|Department of Public Information • News and Media Division • New York|
United Nations Counts on Development Cooperation Forum to Steer Efforts
to Meet Needs of World’s People, Says Secretary-General
Following are UN Secretary-General Ban Ki-moon’s remarks to the Development Cooperation Forum of the Economic and Social Council, as delivered by Wu Hongbo, Under-Secretary-General for Economic and Social Affairs, in New York, today:
I thank ECOSOC President Ambassador [Martin] Sajdik for his able leadership.
We are now developing a transformative post-2015 development agenda. It will aim to complete the unfinished business of the Millennium Development Goals, and it will put the world on a more sustainable path. Development cooperation will remain central to the new agenda. But to succeed, development cooperation will have to evolve. This Forum can help shape that emerging future.
Past official development assistance (ODA) commitments, including the United Nations 0.7 per cent of gross national income (GNI) target, will remain critical beyond 2015.
At the same time, ODA alone will not meet the additional financing needs of the post-2015 agenda. We have to explore new ways to raise additional resources — public and private, domestic and international. And we even have to go beyond our focus on additional resources and towards their effective use.
We will continue to help countries and peoples lagging most behind, in order to complete the unfinished business of the Millennium Development Goals. But our new, unified and universal post-2015 development agenda requires supporting developing countries at all stages with the transition towards sustainability.
More and more countries are moving up the development ladder. They are becoming less dependent on aid. Our cooperation has to match their needs by shifting to capacity-building and knowledge-sharing.
We also need to do much more to optimize technology. That means developing innovations, spreading knowledge and transferring technology. Trade is also a driving force. We need greater cooperation on more open trade to create jobs and contribute to sustainable development.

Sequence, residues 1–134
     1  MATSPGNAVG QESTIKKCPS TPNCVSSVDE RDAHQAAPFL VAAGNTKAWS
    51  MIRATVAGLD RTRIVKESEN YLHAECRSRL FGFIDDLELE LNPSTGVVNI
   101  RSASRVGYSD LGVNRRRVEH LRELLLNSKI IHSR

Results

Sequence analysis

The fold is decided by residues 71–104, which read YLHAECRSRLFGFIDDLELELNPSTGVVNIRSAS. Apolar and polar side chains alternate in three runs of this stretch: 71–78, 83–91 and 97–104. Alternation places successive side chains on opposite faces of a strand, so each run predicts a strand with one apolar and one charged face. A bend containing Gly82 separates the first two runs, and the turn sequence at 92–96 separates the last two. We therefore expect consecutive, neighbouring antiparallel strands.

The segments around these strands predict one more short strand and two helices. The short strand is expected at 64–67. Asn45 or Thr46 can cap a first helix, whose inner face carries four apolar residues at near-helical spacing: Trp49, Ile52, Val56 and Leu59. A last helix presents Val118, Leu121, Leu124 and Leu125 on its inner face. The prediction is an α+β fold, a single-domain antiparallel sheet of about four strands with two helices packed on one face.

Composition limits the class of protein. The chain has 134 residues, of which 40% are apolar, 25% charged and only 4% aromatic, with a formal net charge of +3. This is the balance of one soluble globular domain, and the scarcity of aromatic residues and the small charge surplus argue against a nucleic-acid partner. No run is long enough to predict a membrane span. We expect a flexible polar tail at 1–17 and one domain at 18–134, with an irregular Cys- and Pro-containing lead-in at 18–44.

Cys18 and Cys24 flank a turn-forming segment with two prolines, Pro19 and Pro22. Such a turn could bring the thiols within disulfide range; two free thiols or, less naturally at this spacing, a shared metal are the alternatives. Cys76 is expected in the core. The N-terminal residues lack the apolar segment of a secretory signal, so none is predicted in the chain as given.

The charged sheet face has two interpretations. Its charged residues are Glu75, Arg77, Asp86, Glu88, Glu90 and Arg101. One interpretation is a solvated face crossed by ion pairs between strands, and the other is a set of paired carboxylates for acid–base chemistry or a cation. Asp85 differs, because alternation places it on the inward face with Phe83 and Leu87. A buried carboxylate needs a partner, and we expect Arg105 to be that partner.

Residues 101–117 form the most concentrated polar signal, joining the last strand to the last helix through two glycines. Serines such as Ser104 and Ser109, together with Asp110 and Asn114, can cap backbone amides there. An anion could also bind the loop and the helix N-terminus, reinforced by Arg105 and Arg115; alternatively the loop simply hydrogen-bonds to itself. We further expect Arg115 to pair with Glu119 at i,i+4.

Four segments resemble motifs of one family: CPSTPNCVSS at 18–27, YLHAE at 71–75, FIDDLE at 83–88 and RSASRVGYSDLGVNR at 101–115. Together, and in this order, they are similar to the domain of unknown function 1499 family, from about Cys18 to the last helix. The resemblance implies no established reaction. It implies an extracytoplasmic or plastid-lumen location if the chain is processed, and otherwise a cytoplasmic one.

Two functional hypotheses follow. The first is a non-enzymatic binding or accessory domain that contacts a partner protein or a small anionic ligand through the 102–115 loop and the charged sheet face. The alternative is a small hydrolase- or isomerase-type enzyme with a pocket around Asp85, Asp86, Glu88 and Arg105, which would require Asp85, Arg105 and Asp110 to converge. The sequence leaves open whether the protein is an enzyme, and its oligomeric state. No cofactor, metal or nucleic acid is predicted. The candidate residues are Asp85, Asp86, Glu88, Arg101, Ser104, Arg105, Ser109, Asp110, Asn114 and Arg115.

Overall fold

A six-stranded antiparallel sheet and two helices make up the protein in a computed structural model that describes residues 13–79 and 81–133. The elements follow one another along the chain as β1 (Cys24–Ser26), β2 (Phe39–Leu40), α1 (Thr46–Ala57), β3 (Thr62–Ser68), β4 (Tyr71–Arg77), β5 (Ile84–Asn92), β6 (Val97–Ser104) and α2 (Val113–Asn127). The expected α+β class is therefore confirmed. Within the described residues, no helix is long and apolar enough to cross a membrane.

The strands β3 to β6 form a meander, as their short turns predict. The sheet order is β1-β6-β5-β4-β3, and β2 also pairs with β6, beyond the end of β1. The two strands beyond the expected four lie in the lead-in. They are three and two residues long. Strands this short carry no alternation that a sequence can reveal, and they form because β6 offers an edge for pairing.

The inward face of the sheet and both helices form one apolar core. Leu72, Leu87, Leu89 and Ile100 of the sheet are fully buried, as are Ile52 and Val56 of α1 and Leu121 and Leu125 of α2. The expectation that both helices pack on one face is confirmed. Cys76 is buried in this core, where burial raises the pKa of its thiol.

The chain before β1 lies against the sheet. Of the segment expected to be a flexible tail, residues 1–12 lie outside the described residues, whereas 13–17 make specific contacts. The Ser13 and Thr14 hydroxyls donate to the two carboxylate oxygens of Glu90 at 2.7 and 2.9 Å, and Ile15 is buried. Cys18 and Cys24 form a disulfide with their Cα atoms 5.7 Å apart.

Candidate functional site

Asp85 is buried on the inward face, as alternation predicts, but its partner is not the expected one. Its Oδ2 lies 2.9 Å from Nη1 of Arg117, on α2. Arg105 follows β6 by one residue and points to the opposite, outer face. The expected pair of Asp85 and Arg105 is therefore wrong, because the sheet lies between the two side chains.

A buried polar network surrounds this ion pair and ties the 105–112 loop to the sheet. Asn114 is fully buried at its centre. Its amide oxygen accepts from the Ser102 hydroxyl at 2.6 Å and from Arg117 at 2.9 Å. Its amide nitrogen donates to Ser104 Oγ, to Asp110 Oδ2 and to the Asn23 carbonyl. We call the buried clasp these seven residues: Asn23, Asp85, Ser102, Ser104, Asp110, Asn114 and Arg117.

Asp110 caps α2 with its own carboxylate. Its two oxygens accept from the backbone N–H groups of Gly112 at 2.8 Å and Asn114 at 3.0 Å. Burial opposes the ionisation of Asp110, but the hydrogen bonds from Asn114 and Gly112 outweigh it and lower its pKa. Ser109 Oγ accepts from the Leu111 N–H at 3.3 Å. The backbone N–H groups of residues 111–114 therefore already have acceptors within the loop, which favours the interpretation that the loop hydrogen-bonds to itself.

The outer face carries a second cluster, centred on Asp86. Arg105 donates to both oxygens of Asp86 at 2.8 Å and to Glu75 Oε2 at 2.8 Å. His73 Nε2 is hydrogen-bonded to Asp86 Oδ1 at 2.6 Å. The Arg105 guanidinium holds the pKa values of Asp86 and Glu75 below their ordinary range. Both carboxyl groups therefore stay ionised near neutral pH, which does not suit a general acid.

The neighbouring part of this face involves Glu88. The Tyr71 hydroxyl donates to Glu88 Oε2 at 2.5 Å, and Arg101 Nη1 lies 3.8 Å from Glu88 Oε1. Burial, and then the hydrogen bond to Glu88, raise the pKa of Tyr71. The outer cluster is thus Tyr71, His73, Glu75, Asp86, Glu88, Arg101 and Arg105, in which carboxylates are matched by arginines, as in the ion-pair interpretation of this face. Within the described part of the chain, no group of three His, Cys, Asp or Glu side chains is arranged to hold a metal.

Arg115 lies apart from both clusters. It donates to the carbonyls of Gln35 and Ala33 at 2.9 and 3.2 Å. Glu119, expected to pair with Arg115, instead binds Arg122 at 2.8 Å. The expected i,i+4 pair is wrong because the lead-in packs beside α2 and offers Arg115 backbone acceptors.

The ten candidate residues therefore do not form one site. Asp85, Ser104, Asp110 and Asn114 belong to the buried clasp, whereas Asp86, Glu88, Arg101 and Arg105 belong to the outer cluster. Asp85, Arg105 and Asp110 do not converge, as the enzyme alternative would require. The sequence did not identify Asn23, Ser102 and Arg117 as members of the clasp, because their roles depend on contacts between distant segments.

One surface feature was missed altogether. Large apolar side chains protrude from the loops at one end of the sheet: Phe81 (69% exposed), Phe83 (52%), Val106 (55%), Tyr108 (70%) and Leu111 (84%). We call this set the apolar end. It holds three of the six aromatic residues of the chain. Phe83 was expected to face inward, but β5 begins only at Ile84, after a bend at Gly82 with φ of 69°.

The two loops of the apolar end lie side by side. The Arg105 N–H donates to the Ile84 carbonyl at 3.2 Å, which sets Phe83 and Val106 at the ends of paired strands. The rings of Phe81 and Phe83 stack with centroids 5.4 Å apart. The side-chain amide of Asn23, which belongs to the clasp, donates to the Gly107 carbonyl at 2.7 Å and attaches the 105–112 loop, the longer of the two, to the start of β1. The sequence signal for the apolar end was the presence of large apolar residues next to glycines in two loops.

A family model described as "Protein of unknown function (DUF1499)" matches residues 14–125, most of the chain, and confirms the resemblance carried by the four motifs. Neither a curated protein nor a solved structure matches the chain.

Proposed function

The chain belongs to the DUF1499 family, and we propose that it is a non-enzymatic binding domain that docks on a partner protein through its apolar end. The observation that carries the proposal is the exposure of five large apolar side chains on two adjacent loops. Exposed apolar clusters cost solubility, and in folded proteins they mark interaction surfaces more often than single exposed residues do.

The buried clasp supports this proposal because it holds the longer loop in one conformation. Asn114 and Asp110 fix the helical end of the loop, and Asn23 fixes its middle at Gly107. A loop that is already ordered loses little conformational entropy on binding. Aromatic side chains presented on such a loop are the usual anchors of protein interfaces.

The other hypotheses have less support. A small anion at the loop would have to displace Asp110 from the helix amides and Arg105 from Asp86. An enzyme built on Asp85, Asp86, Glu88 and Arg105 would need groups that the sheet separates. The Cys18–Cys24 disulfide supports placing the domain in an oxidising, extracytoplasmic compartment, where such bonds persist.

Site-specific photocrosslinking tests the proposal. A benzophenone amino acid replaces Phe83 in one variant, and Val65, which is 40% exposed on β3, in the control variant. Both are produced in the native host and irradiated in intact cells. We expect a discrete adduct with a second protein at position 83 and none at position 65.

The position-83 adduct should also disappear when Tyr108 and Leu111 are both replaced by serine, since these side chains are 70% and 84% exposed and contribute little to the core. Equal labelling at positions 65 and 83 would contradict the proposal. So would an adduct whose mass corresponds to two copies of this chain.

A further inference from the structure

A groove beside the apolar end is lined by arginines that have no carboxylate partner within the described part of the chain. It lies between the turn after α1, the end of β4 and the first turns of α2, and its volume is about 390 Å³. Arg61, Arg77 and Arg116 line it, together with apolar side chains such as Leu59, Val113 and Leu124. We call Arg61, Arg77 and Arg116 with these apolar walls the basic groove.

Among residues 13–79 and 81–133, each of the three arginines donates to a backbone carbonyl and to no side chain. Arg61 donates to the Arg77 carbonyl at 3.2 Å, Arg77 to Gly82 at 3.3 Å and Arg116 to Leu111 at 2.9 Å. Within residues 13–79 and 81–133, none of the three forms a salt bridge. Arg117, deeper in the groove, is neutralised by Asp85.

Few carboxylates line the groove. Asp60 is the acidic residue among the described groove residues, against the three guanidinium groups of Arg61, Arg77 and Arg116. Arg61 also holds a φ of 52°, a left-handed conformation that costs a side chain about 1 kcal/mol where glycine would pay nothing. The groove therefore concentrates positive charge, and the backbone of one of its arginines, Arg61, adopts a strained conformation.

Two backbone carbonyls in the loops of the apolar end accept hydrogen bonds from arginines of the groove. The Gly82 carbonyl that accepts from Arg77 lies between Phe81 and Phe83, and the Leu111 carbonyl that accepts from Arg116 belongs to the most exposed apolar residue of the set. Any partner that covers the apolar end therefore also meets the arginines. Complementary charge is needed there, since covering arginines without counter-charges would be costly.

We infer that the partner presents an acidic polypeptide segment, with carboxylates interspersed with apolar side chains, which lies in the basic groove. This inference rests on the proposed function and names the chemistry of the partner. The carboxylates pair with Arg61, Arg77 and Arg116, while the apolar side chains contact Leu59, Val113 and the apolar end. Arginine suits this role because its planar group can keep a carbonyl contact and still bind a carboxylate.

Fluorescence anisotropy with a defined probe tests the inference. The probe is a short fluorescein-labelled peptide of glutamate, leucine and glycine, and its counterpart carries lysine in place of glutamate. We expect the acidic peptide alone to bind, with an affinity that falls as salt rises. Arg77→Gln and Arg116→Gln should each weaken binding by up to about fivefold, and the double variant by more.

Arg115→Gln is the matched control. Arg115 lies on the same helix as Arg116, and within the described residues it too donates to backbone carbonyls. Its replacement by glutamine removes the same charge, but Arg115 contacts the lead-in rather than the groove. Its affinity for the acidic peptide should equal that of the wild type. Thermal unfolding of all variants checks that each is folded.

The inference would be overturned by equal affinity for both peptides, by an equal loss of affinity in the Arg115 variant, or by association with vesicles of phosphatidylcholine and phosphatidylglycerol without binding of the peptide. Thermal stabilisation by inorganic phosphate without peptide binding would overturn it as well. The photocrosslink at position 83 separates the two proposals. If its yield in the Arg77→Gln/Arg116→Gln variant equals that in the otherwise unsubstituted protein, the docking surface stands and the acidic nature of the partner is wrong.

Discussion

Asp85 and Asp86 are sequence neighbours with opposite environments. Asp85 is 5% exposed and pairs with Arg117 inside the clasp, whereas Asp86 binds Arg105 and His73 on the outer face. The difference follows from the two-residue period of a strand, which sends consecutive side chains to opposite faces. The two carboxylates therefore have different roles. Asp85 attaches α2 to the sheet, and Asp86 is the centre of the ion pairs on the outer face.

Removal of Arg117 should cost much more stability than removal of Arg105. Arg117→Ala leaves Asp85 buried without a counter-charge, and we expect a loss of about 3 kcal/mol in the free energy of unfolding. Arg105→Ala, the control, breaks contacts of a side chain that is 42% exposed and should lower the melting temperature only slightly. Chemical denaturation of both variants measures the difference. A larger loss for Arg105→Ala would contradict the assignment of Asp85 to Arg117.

I count on Governments to ensure that they coordinate their aid decisions with their broader international policies. This is essential in an era of multi-stakeholder partnerships — including South-South cooperation, greater private-sector engagement and cooperation within and among regions. This is critical to promoting both development and stability.
There are four essential building blocks to the post-2015 development agenda. First, a far-reaching vision with a compelling narrative; second, a set of concise goals and targets; third, a renewed global partnership for development; and fourth, a framework for review, monitoring and accountability at all levels.
We are making progress on our vision and goals. I count on you to advance discussions on the global partnership to implement the agenda and on the review framework.
With that in mind, allow me to pose three basic questions for your consideration. One, how would a post-2015 financing framework work in practice; two, how can we bring greater coherence to the discussions on means of implementation and a holistic framework for development financing; and three, how can we better track actions and foster trust and mutual learning so commitments are met, resources are optimized and results are ensured?
This Forum’s outcome will be reflected in my Synthesis Report on the ongoing work on a post-2015 development agenda. It will also contribute to preparations for the Third International Conference on Financing for Development in July 2015.
As you grapple with these critical issues, the United Nations is exploring how to change the way we operate in order to carry out a universal, integrated development agenda. We count on this important Development Cooperation Forum to help steer the United Nations so we can better meet the needs and aspirations of the world’s people. Thank you.
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